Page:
I went on and I listened to everybody there; I just put it on random play. If I hear something that catches my ear, I ask, ‘who is that artiste?’ So, I’m not looking for your name, I just want to hear what you can do. And she (Simi) had a cover of Drake’s Mavin’s Room on So, I called Osagie Alonge and said, ‘do you know this lady,’ he said, ‘yes.’ So, I asked him to get her for me. She came and we spoke; the chemistry was instant because, I really just like her person; no airs. You know, musicians try to prove something, but she was just down to earth. So, I said we are going to work with this lady. Today, to see that she’s known worldwide is so amazing; I feel so humbled. And it underscores the fact that music is spiritual; there’s a spiritual element to music. When it’s your time, it’s your time; it’s her time right now. She’s one of the biggest music forces in Nigeria today and we are proud of that.

And Simisola, her first album on X3M Music, became instant hit?
In fact, six minutes after she dropped that album, it became the number one selling album on itunes; that’s powerful. We dropped it by 12-midnight, by 12.06 am, it was number one selling album. She’s on the roll now; we just need to keep supporting her with anything that we can to make sure that she stays there.

Sometimes, managing talents could be a challenge, how do you cope with your talents?
I’m a creative person myself, so, I understand. Creative people want freedom; they want to be heard, they don’t want you to box them to a corner and push them around. Treat people the way you want to be treated; I’m a creative person and I know how I want to be treated. For Simi, she’s like my daughter; we have this fabulous relationship, I trust her. The same thing with all my talents, whether it’s Praiz or Simi, I trust them. I expect them to do the right thing; I always encourage them to be the CEO of their own career first and foremost. And I see all of these come true; we have fabulous relationship.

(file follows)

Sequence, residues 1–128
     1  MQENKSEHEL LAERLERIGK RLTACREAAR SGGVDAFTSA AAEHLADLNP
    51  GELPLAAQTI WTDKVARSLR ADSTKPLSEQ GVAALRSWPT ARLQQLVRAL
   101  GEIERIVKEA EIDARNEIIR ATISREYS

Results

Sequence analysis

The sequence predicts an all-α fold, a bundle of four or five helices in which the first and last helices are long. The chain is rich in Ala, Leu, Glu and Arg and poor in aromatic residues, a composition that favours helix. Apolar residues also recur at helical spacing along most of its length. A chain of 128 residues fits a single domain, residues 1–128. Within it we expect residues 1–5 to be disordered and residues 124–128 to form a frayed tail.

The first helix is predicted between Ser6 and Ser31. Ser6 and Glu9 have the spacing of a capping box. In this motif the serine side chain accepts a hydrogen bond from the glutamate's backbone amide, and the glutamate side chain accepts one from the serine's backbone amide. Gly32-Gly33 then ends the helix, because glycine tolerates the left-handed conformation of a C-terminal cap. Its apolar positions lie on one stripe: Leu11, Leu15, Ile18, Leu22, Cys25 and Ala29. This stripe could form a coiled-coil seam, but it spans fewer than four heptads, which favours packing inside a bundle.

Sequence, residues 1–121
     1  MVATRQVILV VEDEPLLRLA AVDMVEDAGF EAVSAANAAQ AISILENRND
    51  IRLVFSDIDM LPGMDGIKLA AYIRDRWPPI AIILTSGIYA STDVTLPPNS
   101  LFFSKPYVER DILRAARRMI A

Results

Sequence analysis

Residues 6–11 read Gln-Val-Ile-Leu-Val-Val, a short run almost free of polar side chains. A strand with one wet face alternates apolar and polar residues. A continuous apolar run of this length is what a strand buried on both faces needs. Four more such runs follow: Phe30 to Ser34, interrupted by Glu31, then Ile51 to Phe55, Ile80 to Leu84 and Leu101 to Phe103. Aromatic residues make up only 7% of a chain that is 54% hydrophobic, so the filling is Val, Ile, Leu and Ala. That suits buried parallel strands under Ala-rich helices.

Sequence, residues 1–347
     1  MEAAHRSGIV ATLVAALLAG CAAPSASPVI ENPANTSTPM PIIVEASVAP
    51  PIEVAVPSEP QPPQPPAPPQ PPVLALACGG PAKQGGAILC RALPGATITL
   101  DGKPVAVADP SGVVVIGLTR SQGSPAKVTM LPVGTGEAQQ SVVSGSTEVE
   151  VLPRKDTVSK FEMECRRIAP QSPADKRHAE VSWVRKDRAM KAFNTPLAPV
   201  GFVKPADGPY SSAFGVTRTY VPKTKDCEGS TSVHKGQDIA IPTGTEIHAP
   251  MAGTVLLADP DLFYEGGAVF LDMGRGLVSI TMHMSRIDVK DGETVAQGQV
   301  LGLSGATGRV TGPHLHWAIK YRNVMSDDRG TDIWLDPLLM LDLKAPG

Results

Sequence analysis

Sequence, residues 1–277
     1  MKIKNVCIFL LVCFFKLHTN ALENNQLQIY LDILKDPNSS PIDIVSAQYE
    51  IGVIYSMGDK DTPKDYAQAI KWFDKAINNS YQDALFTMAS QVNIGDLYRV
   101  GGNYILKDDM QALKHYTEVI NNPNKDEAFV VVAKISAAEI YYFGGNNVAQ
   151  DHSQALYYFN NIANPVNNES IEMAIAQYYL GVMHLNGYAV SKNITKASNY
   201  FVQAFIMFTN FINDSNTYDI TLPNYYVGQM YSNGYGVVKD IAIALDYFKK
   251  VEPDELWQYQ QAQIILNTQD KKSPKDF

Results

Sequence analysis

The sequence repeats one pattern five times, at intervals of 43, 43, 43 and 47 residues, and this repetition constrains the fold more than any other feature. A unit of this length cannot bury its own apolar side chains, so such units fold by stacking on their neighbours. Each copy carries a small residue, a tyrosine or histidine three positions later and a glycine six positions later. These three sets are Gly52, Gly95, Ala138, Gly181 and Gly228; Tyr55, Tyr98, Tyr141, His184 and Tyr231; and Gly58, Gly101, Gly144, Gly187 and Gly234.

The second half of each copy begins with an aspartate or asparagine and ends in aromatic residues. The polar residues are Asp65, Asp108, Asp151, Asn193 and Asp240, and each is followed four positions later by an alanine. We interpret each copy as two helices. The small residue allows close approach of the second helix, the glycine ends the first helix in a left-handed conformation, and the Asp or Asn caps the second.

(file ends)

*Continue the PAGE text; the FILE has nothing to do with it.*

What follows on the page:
What’s your take on the Nigerian creative industry generally?
The creative industry in Nigeria is the sleeping giant. If you find a country like Nigeria with so much youth population, you ask yourself, what’s the government doing? Whether it’s the creative industry or sports, you have to do something. You can create jobs in other sectors that could hire a few people, but if you create opportunity and platform in the creative industry, you don’t even need to create jobs because, people are already creating it. If you look at the creative space now, entrepreneurs like myself and a whole lot of other people are already opening doors for young people to come in. From a guy that used to earn salary a few years ago, across the group of companies that I have now, we’ve hired almost a hundred people to work. So, you can imagine if the government creates the enabling environment for the creative industry; from music to movies, to performance, comedy… there’s so much going on! You are going to be creating opportunities for thousands because, for every Simi that emerges, there are about three or four people that follows Simi now that are in charge of either her wardrobe or road manager, who earn a living off the income she gets. And the bigger she gets, the more the number of people. So, you can imagine the number of people that feed off Davido and Wizkid today. That’s why its going to be foolhardy for any government not to pay due attention to the creative industry.

In your opinion, where do you think government can come in?